Bruny Island – day 1 (part 1)

We usually have at least one camping trip in January. This year we decided to go to Bruny Island, which is a place that apparently everyone in Tasmania, except for us, has been to at least once.

Whenever I’d I say I’d never been there, people would look at me in amazement, as if this was the gravest oversight a Tasmanian could ever make.

It was time to rectify this.

Obviously, because it’s an island, you get there by boat. The boat is a car ferry called the Mirambeena, which travels approximately hourly between Kettering on the Tasmanian mainland, and Roberts Point on Bruny. It takes between 50 and 70 vehicles, depending on the size of the vehicles, and you just turn up, pay your fare and wait.

How long you have to wait depends on how many other cars are ahead of you. Apparently in high peak times like Christmas and Easter, the queue can get very long and you can wait for a long time.  We were advised to take books and activities to keep ourselves entertained, possibly for an extended period.

After a scenic drive down the Channel Highway (which is a really nice drive), we arrived at the ferry terminal at about 10.30. The attendant told us we probably wouldn’t make the 11.05 ferry, which was correct, so we went into the coffee shop for morning tea, had a look at some boats and went back to sit in the car to read our books.

ImageImageThe ferry trip was very smooth and, despite Juniordwarf’s concern that we might get motion sickness (vomit is a big obsession with him right now), everyone was fine.

ImageThe crossing takes about 15-20 minutes, and then you just drive off the ferry and go where the road takes you.

ImageThe official tourist brochure says:

“Please don’t try and see all of Bruny in a day or two – you’d be surprised how many people don’t realise that Bruny Island is nearly 100 km long! From the tip of Dennes Point in the north to Cape Bruny Lighthouse in the south, the landscapes change dramatically – sheltered sandy beaches and farmlands in the north, tall forests, open bays and wild coastlines in the south”.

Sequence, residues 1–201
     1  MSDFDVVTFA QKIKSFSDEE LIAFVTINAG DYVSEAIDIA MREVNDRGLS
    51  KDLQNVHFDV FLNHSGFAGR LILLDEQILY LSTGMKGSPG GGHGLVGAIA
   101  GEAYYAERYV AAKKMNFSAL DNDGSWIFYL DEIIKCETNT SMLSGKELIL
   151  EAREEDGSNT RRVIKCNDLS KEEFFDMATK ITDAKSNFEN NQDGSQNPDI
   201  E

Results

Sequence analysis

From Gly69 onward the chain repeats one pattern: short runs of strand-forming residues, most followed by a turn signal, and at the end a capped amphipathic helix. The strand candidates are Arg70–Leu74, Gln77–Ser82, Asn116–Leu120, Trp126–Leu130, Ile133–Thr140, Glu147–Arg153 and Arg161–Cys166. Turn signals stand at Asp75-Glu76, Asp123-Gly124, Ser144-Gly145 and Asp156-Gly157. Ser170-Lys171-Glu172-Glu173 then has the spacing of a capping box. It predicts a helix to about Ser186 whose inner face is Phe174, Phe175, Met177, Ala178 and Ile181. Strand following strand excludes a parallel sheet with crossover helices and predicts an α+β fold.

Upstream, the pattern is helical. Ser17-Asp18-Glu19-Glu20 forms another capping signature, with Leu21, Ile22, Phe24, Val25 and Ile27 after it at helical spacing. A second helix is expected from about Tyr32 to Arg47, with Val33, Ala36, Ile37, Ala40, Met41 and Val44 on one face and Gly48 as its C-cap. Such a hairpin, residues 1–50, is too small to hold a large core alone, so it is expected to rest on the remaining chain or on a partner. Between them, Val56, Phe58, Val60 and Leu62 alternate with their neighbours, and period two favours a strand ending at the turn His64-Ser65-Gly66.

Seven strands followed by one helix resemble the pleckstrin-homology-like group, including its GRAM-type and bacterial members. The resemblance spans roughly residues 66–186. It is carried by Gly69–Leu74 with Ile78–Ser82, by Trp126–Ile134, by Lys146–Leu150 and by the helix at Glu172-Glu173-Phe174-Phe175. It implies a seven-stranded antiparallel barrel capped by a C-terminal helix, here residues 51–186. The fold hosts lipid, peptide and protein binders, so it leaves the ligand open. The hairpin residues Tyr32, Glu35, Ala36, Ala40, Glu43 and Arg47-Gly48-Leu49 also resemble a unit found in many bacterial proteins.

This is a great description of the island, and we decided to head north first, to Dennes Point. It’s a beautiful drive and you can see the Iron Pot Lighthouse from the road. We’ve also seen it from the other side, from South Arm.

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The main reason we went to Dennes Point was to have a look at Art at the Point, an art gallery featuring local Bruny artists. This includes jewellery, textiles, ceramics and prints.

It was a lovely way to start our adventure, although it was slightly marred by a cranky Juniordwarf, who wasn’t too keen on being asked not to pull open every drawer in the place and had to be removed.

We then made our way to a nearby beach, which I think is called Nebraska Beach, so that Juniordwarf could have a paddle in the sea.

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20140116-24 Nebraska Beach Dennes Point

ImageHe made a new friend in the water. The beach was calm, which, according to the little girl’s mother, was unusual for the area. She said it was usually very windy, so we were lucky to have nice weather while we were there.

The journey to the south of the island was next, and on the way we found out where the Get Shucked Oyster Farm and Bruny Island Cheese Company were, because they were high on our to-do list for the weekend.

After stopping for lunch at a beach near Alonnah, we drove to Adventure Bay to set up our camp site.

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